Yet Davenport 's robust conception of narrativity is defined in part by reference to the experience of "a holistic web of meaning-relations" and to the "modification of plans in light of new contingencies," which are respectively implicitly intrapersonal and reflective. The Analogy thesis does qualify its claim by pointing out that the truthmaker for a biography is not any "interpersonal or intrapersonal logos" in its first order, which opens up the possibility that "communicative accounting" and reflective acts might play a role as truthmakers of narrative identity at higher orders of unity. But the "robust conception" purports to define "narrativity" in general, and not just higher orders of narrative unity. Furthermore, Davenport claims that a unique narrative practical identity is constituted by a combination of unity-0 and unity-1 and "need not include stronger kinds of narrative unity associated with personal autonomy" (56). So, narrative practical identity does not require the higher-order levels of unity that are reflective and intrapersonal, yet it is like narrativity in the robust conception, which implicitly does require reflective acts and an "intrapersonal logos."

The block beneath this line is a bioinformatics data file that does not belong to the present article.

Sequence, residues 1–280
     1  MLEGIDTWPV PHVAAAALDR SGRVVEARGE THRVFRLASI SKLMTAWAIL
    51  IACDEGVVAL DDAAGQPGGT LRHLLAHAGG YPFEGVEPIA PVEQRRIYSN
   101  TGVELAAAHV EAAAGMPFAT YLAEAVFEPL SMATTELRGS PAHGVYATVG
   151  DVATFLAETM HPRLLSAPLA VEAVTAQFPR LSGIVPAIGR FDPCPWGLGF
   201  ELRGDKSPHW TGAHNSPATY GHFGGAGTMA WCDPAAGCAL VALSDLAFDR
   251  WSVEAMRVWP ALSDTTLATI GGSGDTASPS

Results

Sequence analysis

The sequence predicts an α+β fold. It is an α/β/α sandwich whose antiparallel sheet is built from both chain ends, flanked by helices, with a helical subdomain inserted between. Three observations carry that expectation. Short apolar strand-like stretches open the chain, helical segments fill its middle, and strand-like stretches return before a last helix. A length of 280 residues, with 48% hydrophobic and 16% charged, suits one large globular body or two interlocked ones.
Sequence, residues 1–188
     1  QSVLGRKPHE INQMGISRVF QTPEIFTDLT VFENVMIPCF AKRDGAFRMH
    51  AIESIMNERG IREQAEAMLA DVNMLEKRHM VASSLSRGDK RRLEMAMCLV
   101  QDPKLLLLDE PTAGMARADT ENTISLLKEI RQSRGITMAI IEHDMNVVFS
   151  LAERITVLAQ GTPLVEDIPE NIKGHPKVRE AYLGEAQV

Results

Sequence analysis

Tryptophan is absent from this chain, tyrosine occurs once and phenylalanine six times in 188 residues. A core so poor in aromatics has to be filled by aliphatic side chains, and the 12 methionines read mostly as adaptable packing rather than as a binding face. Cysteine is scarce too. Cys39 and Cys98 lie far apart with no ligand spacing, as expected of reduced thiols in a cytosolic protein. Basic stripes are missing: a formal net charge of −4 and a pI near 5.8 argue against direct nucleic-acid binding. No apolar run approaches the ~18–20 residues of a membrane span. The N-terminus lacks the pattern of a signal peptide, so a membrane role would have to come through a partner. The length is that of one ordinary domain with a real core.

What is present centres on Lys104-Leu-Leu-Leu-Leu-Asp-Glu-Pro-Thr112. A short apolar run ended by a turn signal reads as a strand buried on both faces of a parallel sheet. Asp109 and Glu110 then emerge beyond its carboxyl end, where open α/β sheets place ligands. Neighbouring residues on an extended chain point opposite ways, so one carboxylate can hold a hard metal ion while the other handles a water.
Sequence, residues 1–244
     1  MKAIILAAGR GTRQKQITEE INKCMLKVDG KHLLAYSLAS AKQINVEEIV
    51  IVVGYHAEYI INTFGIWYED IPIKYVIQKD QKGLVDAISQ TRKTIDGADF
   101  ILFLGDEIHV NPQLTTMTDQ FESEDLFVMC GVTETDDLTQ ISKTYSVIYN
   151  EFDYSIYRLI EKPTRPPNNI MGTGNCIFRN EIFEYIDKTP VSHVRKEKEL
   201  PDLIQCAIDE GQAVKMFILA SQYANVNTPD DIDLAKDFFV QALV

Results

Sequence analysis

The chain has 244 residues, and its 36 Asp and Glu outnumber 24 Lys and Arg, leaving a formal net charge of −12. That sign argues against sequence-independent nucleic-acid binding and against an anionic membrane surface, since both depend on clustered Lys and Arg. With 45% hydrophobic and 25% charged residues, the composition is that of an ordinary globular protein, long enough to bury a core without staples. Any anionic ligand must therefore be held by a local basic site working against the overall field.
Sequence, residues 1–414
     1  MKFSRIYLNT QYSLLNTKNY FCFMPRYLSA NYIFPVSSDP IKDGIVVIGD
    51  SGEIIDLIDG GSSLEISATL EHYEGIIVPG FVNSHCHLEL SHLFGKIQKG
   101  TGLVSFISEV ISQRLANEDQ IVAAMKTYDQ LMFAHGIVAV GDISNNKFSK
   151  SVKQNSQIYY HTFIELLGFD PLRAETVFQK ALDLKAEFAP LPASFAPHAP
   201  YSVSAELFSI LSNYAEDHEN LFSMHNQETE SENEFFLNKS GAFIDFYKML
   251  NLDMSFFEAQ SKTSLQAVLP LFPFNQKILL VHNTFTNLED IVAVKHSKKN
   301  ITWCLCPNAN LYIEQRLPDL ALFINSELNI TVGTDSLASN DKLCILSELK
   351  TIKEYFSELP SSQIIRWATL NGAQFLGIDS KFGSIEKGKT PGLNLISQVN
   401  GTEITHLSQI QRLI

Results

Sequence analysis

There is some indication of ways in which narravives are like and unlike narratives. But these are not presented systematically or in synoptic form. One similarity is that "the function of point of view in generating narrative structure in artifact-narratives seems clearly derived from the way that unity-0 of consciousness provides a basis for the developing relations of meaning-to-an-agent that we find in a person's real life" (58). It is not clear whether this analogy would hold only for points of view that are not identified with higher levels of unity, such as unity-3 and unity-4. Yet when Kierkegaard is invoked to illustrate higher levels of unity, his examples are usually taken to be paradigmatic of points of view -- in the form of existential stages of life. The higher levels beyond unity-1 can also be unlike literary narratives in that they need not follow the "codes of a genre" (58). Yet, since "the basic human capacity to make secondary narratives, including nonfictional or broadly 'historical' accounts and fictional stories, is derived from our experience in living out primary narratives -- both those that constitute individual practical identities, and those that constitute looser identities of interpersonal groups," (57) we often interpret patterns in our lives according to "paradigm scripts" "accumulated by storymakers down the ages" (58) so that our narravives are like narratives.